Probe returning to Earth with asteroid rocks, space dust
Sailing across space, NASA’s OSIRIS-REx spacecraft is preparing for its most important challenge and a University of Colorado Boulder graduate has a major role in ensuring the mission’s success.
Mike Moreau (AeroEngr MS’97, PhD’01) is NASA’s Goddard’s sample recovery manager for the mission that has seen an Earth-built probe fly more than 600 million miles to the asteroid Bennu, scoop up a sample of rocks, dust, and regolith from the surface, and fly back home.
OSIRIS-REx is now approaching that critical final phase – returning to Earth and releasing the recovery capsule to land safely in the Utah desert.
“We started preparing for the recovery last fall, reviewing all of our plans. In early 2023 we began training the recovery team, going into the field to practice, and in August completed a full dress rehearsal of the recovery in the Utah desert. There are scientists all over the world waiting for the moment when we will open that sample canister,” Moreau said.
Construction to Completion
It is a culmination of work for Moreau and his team. He took a job on the mission more than a decade ago when the probe was still under construction at Lockheed Martin’s Waterton Canyon complex in Littleton, Colorado.
“When I joined in 2013 the mission’s principal investigator asked if I would commit to staying on until the sample came home,” Moreau said. “That was ten years in the future. I said I didn’t know, but the time has gone by very fast. I just got immersed in solving all these substantial problems. I have a really great team, a great group of people, which has made working on this challenging project truly rewarding.”
The work is a far cry from Moreau’s childhood on a dairy farm in rural Vermont.
“When I went to college, I didn’t know what I wanted to do. I majored in mechanical engineering because growing up on a farm, you’re always MacGyvering solutions to problems and I saw I was mechanically inclined,” he said.
A Future in Space
After his undergrad at the University of Vermont, Moreau was still seeking direction. He landed an internship at NASA and discovered it held the answer he had been seeking.
“It opened my eyes to people working in space. There’s not a lot of people doing that in Vermont. So I started looking at grad schools that would be a good fit for someone without aerospace experience and CU Boulder is really great for that because the aerospace department is so interdisciplinary,” he said.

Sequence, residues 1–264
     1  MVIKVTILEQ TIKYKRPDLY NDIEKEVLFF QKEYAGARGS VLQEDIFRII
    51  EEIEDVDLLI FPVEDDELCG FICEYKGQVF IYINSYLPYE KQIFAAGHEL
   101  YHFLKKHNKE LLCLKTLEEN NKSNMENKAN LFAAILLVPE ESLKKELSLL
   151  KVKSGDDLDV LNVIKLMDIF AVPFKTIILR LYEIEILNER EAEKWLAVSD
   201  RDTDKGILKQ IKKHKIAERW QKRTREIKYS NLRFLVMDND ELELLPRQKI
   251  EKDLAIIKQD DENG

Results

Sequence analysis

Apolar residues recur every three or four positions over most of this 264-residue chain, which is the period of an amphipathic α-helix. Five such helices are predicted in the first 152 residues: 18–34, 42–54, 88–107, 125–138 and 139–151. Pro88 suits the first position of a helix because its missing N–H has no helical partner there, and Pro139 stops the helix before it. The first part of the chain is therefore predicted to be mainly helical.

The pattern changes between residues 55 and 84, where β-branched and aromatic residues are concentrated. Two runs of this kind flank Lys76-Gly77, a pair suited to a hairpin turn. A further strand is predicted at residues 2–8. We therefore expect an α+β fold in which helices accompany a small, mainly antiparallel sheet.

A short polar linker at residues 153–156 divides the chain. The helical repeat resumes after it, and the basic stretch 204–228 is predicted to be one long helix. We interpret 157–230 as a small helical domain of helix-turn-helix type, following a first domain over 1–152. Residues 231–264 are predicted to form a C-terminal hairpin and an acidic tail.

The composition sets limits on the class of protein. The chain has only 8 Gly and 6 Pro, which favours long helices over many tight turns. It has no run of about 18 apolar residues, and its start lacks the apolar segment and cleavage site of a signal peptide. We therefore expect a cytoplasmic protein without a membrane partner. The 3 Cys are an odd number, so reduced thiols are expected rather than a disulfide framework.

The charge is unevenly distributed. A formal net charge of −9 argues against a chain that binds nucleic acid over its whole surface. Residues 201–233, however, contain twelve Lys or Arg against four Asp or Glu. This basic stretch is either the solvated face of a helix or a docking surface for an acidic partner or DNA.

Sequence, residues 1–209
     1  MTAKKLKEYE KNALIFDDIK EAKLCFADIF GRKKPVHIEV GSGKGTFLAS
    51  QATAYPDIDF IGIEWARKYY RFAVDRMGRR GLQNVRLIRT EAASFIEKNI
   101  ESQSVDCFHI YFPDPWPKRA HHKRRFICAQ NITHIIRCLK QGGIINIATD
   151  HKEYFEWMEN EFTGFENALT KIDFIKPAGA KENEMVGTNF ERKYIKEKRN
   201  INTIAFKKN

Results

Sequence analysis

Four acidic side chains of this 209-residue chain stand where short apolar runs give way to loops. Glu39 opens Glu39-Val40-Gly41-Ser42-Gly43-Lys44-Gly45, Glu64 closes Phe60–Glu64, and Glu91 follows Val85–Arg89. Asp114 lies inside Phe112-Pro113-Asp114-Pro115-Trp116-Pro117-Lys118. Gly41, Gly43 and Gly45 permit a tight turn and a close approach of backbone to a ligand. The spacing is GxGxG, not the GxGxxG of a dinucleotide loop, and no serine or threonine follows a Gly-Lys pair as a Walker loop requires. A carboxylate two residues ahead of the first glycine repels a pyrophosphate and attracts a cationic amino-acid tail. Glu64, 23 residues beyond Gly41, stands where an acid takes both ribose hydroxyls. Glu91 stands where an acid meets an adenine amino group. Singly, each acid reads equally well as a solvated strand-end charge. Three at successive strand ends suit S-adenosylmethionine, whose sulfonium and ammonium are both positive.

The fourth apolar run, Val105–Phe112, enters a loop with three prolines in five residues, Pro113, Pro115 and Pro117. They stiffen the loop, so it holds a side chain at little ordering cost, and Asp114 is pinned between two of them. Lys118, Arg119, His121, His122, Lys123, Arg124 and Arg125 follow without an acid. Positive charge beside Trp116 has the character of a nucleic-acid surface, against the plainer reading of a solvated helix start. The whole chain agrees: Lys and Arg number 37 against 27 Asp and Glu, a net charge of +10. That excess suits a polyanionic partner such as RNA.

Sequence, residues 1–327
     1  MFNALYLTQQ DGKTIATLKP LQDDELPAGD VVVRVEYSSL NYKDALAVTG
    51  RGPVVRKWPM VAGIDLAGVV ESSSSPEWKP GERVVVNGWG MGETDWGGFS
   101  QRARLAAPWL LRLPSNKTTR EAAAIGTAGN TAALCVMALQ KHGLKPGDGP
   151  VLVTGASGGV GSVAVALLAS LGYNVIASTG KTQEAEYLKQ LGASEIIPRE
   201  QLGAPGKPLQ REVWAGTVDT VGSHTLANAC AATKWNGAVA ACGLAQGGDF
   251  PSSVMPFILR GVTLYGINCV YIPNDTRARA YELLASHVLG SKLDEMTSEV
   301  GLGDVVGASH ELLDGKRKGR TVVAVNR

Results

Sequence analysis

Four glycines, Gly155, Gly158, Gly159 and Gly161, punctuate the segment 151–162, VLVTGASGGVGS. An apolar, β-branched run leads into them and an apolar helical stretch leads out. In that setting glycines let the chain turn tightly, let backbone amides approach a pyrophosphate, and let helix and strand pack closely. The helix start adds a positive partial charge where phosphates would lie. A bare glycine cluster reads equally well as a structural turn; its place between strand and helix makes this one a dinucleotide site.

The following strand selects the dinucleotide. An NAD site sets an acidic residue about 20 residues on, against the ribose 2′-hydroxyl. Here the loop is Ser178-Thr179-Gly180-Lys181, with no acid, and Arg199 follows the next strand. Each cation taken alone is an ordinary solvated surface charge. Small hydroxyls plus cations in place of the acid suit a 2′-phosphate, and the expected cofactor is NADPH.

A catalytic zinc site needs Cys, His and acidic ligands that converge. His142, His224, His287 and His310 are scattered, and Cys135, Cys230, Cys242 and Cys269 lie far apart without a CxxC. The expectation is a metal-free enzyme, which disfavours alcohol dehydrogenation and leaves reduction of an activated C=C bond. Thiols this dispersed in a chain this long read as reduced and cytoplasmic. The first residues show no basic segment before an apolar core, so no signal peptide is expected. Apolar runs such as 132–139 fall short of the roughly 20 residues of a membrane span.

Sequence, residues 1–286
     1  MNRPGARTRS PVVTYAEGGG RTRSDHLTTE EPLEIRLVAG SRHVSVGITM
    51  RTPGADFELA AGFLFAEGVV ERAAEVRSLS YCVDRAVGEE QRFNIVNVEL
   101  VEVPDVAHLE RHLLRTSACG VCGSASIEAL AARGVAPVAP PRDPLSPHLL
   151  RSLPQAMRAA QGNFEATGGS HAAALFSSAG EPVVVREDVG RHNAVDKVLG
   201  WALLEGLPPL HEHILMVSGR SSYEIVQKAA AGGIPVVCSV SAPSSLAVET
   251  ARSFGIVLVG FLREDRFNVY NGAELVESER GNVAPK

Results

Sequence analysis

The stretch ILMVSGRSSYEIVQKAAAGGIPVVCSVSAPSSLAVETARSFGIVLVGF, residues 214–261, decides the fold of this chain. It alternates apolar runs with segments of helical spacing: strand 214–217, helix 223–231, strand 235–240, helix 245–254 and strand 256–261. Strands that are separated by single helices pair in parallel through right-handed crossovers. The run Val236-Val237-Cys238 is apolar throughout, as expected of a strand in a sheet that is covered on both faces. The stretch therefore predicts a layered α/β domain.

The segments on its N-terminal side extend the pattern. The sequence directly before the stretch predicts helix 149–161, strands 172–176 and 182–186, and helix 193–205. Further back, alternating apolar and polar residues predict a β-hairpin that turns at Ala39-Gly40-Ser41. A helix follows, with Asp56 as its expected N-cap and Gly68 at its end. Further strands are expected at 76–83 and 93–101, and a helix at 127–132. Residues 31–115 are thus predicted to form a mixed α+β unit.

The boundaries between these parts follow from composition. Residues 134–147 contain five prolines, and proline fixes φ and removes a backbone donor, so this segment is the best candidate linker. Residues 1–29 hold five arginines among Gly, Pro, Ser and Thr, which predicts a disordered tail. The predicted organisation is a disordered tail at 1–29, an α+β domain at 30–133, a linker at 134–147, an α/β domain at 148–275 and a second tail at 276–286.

He earned his master’s and PhD in aerospace engineering sciences here and was hired full time at NASA Goddard.
“My education was focused in the department's Colorado Center for Astrodynamics Research, and there’s very specific navigation systems training you get at CCAR. Working at NASA they need that on all these missions and I fit right in,” Moreau said.
Since OSIRIS-REx was built in Colorado, it is perhaps no surprise a significant number of CU Boulder graduates have been part of the project, with more than two dozen alumni serving in various capacities at NASA and contractors Lockheed Martin and KinetX, Inc.
Moreau has held numerous roles at NASA Goddard, primarily in guidance, navigation, and controls, before joining OSIRIS-REx, initially as the navigation team lead, directing a team of scientists and engineers on trajectory design, optical navigation, and camera systems for the probe.
“There are so many incredible people who are part of this team. If you have a great group of people, there’s no problem you can’t solve, and we’ve definitely encountered challenges,” he said. “When we arrived at Bennu one of our first surprises was the asteroidwas ejecting small rocks from the surface, and we weren’t sure at first if the spacecraft was at risk. That was an amazing scientific discovery, and a total surprise. But no matter what it threw at us we figured it out.”
The spacecraft’s sample capsule will reenter Earth’s atmosphere on Sept. 24, 2023. The circular container is 32” in diameter and 20” tall – roughly the size of a tire. It will hit speeds of 27,000 mph as it speeds through the atmosphere over the American West before a series of parachutes deploy to bring it to a safe landing on a Department of Defense test range in Utah.
“It will be really amazing to see that sample,” Moreau said.
Only about 25 percent of the sample will be released for scientific analysis by the mission team. Moreau said the rest will be distributed to international partners or archived by NASA’s Johnson Space Center for study by other scientist now and in the future.
“It’s being archived so your kids or grandkids can write a proposal to NASA for it in 25 years to do science we don’t even know about today. It’s really amazing and very well planned,” he said.
Although the sample capsule is coming back to Earth, the rest of the OSIRIS-REx probe will remain in space, providing an extended mission opportunity for new scientific research of the asteroid Apophis, which will pass by Earth on Apr. 13, 2029.
“OSIRIS-REx wasn’t designed for this new mission, but Apophis will have a really close flyby of Earth on that day at just 30,000 km in altitude. People in some parts of the world will be able to see it with the naked eye; it’s a once in a millennium event. The probe will follow it and get very close to the asteroid to study it in detail.”
Although many of the OSIRIS-REx team engineers and scientists will migrate to other projects after the sample returns, Moreau is staying for the extended mission.
“It presents new challenges,” Moreau said. “I’m very proud of the work we’ve done. Of all the things I could be working on, to be doing something so exciting, I’m very fortunate.”
NASA plans to broadcast the landing and recovery live on NASA Television between 8-11 a.m. MDT on Sept. 24.